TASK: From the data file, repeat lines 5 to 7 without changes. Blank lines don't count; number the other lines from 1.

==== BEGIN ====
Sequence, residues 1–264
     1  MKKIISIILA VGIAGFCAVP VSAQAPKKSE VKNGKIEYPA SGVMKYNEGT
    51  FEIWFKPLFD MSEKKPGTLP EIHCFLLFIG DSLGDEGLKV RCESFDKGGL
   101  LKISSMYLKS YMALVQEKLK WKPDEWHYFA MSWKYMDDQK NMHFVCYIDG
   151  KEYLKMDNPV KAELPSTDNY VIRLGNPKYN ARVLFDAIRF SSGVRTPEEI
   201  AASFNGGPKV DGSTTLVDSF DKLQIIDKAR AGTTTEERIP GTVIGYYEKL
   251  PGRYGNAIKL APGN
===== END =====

   151  KEYLKMDNPV KAELPSTDNY VIRLGNPKYN ARVLFDAIRF SSGVRTPEEI
   201  AASFNGGPKV DGSTTLVDSF DKLQIIDKAR AGTTTEERIP GTVIGYYEKL
   251  PGRYGNAIKL APGN